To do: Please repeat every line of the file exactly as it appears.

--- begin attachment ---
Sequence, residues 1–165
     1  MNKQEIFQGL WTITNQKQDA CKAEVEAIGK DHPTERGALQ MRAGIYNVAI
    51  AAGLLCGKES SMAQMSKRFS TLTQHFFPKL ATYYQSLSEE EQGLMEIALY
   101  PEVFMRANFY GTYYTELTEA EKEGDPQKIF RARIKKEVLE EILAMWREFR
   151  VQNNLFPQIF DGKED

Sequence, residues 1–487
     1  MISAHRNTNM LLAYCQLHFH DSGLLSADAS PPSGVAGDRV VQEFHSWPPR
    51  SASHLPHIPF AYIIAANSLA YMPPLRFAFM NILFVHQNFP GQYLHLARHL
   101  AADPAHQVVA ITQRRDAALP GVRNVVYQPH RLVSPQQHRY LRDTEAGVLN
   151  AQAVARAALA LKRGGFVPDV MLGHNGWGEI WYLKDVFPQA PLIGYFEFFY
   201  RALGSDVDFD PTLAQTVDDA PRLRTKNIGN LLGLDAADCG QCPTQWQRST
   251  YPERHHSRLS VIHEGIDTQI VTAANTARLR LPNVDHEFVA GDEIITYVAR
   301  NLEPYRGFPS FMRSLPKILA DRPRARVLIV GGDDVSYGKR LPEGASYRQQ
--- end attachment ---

Sequence, residues 1–165
     1  MNKQEIFQGL WTITNQKQDA CKAEVEAIGK DHPTERGALQ MRAGIYNVAI
    51  AAGLLCGKES SMAQMSKRFS TLTQHFFPKL ATYYQSLSEE EQGLMEIALY
   101  PEVFMRANFY GTYYTELTEA EKEGDPQKIF RARIKKEVLE EILAMWREFR
   151  VQNNLFPQIF DGKED

Sequence, residues 1–487
     1  MISAHRNTNM LLAYCQLHFH DSGLLSADAS PPSGVAGDRV VQEFHSWPPR
    51  SASHLPHIPF AYIIAANSLA YMPPLRFAFM NILFVHQNFP GQYLHLARHL
   101  AADPAHQVVA ITQRRDAALP GVRNVVYQPH RLVSPQQHRY LRDTEAGVLN
   151  AQAVARAALA LKRGGFVPDV MLGHNGWGEI WYLKDVFPQA PLIGYFEFFY
   201  RALGSDVDFD PTLAQTVDDA PRLRTKNIGN LLGLDAADCG QCPTQWQRST
   251  YPERHHSRLS VIHEGIDTQI VTAANTARLR LPNVDHEFVA GDEIITYVAR
   301  NLEPYRGFPS FMRSLPKILA DRPRARVLIV GGDDVSYGKR LPEGASYRQQ